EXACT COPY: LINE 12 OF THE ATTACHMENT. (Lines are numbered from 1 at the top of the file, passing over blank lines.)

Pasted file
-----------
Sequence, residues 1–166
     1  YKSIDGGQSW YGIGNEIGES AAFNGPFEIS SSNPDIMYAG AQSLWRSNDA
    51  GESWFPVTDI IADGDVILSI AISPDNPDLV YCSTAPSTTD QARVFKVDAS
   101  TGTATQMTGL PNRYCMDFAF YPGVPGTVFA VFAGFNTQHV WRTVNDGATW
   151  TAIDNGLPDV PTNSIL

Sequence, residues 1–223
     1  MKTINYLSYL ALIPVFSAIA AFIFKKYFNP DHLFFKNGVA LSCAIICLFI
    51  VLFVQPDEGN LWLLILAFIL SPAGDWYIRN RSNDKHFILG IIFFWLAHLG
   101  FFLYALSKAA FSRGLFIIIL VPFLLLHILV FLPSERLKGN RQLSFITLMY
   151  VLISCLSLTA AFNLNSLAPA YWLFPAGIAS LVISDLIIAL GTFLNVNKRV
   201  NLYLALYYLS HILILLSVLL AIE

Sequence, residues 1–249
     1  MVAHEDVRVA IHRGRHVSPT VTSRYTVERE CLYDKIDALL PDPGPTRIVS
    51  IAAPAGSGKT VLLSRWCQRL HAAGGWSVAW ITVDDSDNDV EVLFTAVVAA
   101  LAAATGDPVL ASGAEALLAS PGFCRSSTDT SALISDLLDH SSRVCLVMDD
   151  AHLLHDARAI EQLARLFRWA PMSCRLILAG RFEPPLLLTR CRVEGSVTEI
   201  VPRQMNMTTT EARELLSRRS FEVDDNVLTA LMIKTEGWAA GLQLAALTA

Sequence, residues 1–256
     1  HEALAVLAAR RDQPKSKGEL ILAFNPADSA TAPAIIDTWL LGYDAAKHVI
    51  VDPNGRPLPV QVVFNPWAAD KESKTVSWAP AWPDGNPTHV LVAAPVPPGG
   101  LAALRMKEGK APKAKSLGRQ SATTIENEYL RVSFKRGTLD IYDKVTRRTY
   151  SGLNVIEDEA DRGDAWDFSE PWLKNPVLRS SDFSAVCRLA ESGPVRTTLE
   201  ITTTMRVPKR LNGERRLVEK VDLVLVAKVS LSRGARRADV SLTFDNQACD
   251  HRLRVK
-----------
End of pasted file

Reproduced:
Sequence, residues 1–249